What is it? BCCs can look like open sores, red patches, pink growths, shiny bumps, scars or growths with slightly elevated, rolled edges and/or a central indentation. At times, BCCs may ooze, crust, itch or bleed. The lesions commonly arise in sun-exposed areas of the body. In patients with darker skin, about half of BCCs are pigmented (meaning brown in color). It’s important to note that BCCs can look quite different from one person to another, varying in size from a few millimetres to several centimetres. Patients often ignore them until they start bleeding or ulcerate.
Should you worry? BCC is a form of skin cancer but it rarely spreads to other parts of the body.
Treatment Surgery to cut out the lesion and the skin around it is the most common. Nonsurgical options include cryotherapy, photodynamic therapy, radiotherapy, electrochemotherapy and topical chemotherapy or immune-stimulating creams.
See a GP if you have any skin abnormality, such as a lump, ulcer, lesion or skin discolouration that has not healed after 4 weeks. While it's unlikely to be skin cancer, it's best to get it checked.
BCCs rarely spread beyond the original tumor site. But these lesions can grow and become disfiguring and dangerous. Untreated BCCs can become locally invasive, grow wide and deep into the skin and destroy skin, tissue and bone. The longer you wait to get treatment, the more likely it is that the BCC will recur, sometimes repeatedly.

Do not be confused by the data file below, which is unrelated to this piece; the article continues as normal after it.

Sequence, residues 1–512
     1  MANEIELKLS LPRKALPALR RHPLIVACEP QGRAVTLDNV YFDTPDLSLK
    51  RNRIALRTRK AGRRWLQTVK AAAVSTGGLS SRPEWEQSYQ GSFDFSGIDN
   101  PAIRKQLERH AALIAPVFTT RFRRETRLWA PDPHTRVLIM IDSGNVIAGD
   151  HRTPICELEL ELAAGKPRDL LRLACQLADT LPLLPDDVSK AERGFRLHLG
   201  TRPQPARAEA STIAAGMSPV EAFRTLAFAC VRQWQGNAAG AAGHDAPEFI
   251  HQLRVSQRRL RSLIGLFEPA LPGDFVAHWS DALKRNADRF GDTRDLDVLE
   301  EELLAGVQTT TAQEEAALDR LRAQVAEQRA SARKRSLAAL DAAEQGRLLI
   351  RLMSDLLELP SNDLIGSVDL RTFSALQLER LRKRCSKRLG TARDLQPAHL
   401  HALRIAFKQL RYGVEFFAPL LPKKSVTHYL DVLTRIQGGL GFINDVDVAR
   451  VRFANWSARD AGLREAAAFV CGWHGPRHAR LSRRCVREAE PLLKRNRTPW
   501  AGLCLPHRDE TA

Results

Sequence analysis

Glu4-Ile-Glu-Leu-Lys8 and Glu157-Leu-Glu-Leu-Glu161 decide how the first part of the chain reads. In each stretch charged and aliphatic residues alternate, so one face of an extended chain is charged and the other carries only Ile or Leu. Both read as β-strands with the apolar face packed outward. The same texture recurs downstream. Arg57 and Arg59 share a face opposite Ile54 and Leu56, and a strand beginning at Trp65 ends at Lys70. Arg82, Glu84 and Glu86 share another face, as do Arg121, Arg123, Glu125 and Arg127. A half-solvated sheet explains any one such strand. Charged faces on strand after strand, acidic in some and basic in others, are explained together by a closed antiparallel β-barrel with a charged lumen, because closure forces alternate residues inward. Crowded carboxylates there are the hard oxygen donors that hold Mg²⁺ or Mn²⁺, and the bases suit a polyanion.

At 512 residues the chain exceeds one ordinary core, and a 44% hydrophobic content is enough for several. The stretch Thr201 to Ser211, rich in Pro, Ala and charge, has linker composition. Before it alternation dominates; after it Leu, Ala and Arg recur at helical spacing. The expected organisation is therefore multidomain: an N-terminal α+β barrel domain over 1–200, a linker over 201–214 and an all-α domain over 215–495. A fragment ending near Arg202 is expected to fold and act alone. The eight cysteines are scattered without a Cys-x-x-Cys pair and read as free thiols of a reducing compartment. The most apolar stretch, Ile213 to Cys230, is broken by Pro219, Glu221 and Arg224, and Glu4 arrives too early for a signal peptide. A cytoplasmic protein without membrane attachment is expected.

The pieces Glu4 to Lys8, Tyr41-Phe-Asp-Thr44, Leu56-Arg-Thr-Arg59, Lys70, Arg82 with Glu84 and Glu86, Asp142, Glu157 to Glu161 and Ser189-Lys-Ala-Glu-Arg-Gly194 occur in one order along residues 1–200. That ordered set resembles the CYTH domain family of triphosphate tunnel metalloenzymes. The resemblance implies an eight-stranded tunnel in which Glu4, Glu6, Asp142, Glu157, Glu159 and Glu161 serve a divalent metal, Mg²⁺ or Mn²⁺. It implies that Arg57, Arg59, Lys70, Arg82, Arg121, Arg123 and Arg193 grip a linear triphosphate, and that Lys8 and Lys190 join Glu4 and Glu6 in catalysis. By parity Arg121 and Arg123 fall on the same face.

Squamous cell carcinoma (SCC)
What it is? Sometime similar to BCC but faster growing. These can be scaly red patches, open sores, rough, thickened or wart-like, and sometime look like a mini volcano, with steep sides and a central crater. They may crust, itch or bleed. Most often found in the scalp and ears (men) and lower legs or backs of the hands (women).
Should you worry? Untreated, it can spread, so prompt treatment is vital.
Treatment Surgery to remove the SCC under local anaesthetic is the most common; sometimes a skin graft is needed. Other treatment include curettage and cautery as well as radiotherapy. When caught promptly, almost all squamous cell carcinomas (SCCs) of the skin can be successfully treated. But when they become more advanced, these skin cancers can become dangerous. That’s why it’s important to be on the lookout for any SCC warning signs, including new, changing or unusual skin growths.
What is it? The most serious form of skin cancer caused by uncontrolled proliferation of the skin's pigment-producing cells, melanocytes. While it is less common than basal cell carcinoma (BCC) and squamous cell carcinoma (SCC), this skin cancer is more dangerous because of its ability to spread to other organs more rapidly if it is not treated at an early stage. It's most often found on the back in men and legs in women. Previous sunburn, especially with blistering, is a risk factor, as is having more than 100 moles.